The chair of the Commons health select committee has raised fears that arguments in support of reconfiguration could lead to ambulance control centres being moved abroad.

Rother Valley Labour MP Kevin Barron is concerned about plans under consultation by Yorkshire Ambulance Service to close a control centre in Rotherham and use a centre in York, 55 miles away, to pick up emergency calls.

Supporters of the reconfiguration plans say satellite technology enables staff to work in areas with no local knowledge.

In a joint statement with two other Yorkshire MPs, Mr Barron said this 'could be an argument for relocating call centres outside Yorkshire and even the UK'.

The MPs wrote the statement as part of a campaign to halt the reconfiguration plans.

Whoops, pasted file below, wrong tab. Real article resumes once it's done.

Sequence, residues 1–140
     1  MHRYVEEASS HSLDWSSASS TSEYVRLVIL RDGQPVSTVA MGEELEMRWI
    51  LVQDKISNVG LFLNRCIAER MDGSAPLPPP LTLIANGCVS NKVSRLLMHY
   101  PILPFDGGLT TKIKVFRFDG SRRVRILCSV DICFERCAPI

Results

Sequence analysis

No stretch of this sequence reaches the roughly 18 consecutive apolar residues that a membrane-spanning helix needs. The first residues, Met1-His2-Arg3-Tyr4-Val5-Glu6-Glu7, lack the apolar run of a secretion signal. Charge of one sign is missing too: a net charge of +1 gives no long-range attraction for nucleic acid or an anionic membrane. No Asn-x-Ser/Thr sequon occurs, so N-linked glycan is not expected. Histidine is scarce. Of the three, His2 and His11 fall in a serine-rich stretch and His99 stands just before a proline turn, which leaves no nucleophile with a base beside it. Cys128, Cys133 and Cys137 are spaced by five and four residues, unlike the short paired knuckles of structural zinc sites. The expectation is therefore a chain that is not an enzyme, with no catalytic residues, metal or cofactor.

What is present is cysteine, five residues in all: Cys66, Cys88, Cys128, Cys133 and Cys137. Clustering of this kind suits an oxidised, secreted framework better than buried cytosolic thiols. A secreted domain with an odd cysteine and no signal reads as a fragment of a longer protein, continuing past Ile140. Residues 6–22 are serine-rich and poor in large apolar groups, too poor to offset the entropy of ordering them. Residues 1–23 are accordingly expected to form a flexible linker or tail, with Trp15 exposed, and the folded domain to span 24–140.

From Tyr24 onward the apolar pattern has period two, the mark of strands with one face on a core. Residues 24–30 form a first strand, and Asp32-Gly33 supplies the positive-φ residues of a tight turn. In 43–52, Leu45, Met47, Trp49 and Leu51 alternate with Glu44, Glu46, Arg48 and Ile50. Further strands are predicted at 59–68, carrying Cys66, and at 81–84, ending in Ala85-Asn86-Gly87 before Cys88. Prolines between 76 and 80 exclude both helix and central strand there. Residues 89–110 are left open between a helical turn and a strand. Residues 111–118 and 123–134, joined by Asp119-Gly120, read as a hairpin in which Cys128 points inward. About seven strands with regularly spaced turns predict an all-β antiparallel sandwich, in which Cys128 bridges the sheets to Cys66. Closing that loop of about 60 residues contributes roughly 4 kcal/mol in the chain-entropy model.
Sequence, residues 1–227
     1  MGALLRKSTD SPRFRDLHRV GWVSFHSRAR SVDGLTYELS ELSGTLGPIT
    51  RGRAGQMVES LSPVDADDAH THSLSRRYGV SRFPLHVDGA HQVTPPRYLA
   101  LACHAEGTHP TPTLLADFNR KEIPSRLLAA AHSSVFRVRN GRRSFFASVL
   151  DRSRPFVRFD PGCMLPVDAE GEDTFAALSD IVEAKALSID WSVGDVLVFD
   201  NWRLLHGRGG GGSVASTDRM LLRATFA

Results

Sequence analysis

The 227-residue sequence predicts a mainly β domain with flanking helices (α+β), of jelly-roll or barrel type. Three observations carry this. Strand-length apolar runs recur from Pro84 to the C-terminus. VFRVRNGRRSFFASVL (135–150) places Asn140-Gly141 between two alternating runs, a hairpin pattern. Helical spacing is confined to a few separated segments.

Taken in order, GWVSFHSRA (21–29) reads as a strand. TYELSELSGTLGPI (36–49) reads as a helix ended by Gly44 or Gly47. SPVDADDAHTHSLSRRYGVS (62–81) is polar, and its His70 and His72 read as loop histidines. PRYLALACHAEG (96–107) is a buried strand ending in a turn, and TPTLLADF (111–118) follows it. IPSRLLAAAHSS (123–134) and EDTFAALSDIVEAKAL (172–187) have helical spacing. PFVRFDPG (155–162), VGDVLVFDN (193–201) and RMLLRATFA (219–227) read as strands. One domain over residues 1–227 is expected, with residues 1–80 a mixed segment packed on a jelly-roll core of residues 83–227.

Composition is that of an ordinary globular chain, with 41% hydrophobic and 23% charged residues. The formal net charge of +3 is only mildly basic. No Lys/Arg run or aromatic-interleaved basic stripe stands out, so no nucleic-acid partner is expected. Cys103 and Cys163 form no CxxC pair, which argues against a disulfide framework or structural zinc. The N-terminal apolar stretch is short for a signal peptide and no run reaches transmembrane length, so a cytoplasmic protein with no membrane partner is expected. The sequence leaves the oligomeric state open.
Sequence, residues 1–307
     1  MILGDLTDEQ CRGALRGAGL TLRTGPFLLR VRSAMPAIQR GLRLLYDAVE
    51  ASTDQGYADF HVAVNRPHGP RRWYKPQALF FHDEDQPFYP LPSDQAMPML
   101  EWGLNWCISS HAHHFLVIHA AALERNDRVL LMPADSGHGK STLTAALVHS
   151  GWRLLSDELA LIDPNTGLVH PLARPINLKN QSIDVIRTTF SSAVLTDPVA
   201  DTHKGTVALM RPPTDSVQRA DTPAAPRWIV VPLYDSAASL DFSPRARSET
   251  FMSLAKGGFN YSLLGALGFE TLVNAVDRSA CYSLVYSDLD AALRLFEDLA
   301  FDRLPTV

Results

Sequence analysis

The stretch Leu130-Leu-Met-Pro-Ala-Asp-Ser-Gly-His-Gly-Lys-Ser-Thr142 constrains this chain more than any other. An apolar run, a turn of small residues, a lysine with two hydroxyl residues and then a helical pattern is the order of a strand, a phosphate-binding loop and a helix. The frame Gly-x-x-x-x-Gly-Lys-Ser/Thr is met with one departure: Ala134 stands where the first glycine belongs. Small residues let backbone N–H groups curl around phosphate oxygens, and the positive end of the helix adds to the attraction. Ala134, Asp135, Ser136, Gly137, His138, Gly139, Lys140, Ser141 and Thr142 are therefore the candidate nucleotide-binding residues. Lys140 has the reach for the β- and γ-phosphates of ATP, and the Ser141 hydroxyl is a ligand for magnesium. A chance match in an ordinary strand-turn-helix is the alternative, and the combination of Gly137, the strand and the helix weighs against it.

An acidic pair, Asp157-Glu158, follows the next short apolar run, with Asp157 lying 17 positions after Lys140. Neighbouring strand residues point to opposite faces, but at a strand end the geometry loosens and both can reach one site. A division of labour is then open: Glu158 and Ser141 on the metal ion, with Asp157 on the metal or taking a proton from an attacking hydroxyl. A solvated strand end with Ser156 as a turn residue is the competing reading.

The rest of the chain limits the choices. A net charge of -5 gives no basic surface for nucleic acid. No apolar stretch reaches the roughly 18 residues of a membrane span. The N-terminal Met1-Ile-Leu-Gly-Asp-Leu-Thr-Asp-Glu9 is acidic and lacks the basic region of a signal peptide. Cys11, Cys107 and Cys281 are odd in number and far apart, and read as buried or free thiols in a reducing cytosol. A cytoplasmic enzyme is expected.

A manager in the ambulance service, who preferred to remain anonymous, said he could foresee calls to move control centres abroad, but was against the idea.

'It's feasible that people will push for that option. But clearly there would be concerns about the lack of local knowledge as well as connectivity problems if calls were dealt with in foreign countries.'

Ambulance Service Union general secretary Steve Rice also condemned the idea.

He said: 'Moving control centres out of the UK would be a real danger given the language barriers.

'Satellite navigation systems are not always accurate and there are roads and buildings that don't show up on a map.'

Yorkshire Ambulance Service said there were no plans to move control centres out of the UK.

But a spokeswoman said hi-tech equipment enabled staff to pinpoint any local area and quickly arrange for the appropriate help, regardless of whether they had personal knowledge of the area.